A time in Mark Feuerstein’s adult life when he lived in apartment 9K in the building he grew up in, sandwiched between his parents’ apartment, 9J; and his brother, sister-in-law and their baby’s apartment, 9L and his attempts to set boundaries with his intrusive but well-meaning family.
Will Freeman lives a charmed existence as the ultimate man-child. After writing a hit song, he was granted a life of free time, free love and freedom from financial woes. He’s single, unemployed and loving it. So imagine his surprise when Fiona, a needy single mom and her oddly charming 11-year-old son, Marcus, move in next door and disrupt his perfect world. When Marcus begins dropping by his home unannounced, Will’s not so sure about being a kid’s new best friend, until, of course, Will discovers that women find single dads irresistible. That changes everything and a deal is struck: Marcus will pretend to be Will’s son and, in return, Marcus is allowed to chill at Will’s house. Before he realizes it, Will starts to enjoy the visits and even finds himself looking out for the kid. In fact, this newfound friendship may very well teach him a thing or two that he never imagined possible – about himself and caring for others.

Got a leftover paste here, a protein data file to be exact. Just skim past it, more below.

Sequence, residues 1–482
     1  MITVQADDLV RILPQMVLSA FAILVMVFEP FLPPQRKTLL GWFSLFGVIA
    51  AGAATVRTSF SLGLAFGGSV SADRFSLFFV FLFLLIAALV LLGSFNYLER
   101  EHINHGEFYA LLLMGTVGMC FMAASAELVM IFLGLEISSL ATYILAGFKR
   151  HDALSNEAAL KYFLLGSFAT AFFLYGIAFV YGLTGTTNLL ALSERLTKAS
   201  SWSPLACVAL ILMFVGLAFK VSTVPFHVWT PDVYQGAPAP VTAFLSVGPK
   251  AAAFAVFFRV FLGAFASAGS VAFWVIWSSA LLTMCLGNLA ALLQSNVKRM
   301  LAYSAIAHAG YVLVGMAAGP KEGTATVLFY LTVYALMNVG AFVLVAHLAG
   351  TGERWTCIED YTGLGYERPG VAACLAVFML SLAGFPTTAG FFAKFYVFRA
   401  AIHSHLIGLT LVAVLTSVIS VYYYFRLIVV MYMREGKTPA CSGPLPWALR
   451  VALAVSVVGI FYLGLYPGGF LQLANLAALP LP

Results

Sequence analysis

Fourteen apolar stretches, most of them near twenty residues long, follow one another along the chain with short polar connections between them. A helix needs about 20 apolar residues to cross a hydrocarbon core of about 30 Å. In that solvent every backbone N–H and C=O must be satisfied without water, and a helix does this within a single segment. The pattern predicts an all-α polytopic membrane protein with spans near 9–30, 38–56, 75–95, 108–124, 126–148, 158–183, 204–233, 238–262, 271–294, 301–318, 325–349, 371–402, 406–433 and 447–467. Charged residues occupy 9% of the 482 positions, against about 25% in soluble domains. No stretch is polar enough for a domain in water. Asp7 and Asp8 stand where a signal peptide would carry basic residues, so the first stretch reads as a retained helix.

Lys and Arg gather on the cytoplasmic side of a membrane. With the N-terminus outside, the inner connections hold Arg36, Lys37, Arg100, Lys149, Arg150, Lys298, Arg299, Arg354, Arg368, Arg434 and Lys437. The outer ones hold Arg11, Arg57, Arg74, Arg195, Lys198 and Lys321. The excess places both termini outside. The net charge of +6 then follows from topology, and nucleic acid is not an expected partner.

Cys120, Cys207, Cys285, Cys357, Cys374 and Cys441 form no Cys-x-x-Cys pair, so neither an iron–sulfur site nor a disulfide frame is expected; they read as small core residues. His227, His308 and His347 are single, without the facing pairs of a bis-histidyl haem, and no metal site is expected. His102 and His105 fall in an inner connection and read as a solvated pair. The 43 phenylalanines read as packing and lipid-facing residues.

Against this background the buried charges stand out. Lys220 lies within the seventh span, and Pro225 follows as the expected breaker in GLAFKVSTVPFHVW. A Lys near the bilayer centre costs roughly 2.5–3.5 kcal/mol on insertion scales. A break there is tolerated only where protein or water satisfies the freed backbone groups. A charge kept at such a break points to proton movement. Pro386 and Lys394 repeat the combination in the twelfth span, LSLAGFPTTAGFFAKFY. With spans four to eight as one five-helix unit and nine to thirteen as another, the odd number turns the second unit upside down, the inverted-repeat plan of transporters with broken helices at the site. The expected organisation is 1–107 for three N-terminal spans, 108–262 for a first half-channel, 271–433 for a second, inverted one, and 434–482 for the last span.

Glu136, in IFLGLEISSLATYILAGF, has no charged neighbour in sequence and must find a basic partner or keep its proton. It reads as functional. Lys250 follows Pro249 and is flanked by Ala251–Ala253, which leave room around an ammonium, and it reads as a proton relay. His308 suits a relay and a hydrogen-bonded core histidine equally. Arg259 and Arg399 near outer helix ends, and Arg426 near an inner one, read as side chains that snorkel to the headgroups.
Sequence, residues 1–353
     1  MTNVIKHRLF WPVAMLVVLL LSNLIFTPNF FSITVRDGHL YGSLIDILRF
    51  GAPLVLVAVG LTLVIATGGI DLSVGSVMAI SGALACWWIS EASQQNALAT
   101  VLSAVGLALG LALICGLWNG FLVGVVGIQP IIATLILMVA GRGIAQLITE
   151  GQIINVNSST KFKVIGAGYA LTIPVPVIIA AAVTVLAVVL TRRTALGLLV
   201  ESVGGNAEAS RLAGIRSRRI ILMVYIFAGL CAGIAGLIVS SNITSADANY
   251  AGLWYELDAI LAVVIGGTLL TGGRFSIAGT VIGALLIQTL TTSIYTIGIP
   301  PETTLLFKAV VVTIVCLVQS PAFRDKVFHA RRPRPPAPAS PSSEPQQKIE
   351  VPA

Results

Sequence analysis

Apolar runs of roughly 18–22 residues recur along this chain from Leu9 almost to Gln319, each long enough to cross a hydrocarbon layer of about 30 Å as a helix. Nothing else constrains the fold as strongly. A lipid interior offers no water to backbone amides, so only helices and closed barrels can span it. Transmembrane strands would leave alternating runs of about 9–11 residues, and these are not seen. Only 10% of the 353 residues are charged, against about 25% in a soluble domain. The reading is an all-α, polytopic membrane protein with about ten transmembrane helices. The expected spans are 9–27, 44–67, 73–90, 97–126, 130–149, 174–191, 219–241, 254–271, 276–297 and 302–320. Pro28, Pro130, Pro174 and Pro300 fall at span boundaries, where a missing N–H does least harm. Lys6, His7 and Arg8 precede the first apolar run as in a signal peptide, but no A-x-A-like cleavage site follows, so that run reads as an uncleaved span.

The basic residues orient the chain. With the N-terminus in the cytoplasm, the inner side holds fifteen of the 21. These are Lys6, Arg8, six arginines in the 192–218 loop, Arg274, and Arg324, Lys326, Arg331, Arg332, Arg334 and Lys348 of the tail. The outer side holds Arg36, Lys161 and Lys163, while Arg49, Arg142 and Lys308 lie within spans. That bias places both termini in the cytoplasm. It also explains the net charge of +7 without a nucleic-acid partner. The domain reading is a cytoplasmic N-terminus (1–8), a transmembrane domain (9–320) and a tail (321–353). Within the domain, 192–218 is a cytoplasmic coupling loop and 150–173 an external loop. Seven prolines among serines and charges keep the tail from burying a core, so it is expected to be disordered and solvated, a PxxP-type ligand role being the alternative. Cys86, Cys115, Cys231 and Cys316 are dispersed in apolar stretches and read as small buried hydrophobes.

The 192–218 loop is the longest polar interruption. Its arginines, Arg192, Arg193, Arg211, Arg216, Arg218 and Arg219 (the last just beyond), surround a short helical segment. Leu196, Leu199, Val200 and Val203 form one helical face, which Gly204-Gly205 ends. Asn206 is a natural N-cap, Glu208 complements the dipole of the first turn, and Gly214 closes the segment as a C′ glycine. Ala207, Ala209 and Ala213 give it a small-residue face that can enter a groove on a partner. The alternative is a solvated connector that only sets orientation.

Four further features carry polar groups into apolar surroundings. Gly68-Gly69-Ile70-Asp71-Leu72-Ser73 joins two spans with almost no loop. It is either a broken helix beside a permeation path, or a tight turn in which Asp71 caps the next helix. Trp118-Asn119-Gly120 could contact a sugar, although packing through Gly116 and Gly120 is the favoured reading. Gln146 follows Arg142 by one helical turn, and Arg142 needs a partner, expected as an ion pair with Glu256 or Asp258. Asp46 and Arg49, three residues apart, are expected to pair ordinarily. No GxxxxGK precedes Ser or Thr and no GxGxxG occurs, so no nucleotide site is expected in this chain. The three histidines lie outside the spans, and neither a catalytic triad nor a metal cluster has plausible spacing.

Jimmy Price is a reckless man-child on the last leg of his career as a doubles tennis player. When his latest partner drops him, he realizes he’s officially burned all of his bridges on the pro circuit. He decides to make one last ditch effort to revive his career, reaching outside of the tennis world and convincing his childhood partner — his estranged brother Darren, now an apathetic substitute teacher – to team up with him. The mismatched pair, with the help of a unique 11-year-old named Barry, make an unlikely run at a grand slam tournament and are forced to re-discover their game, and their brotherhood.
This is an update of George Bernard Shaw’s “Pygmalion” that changes the genders of the main characters. Hannah Higgins attempts to turn blue-collar Boston beer vendor Elliot Doolittle into a viable candidate and inadvertently learns something of Elliot’s side of life.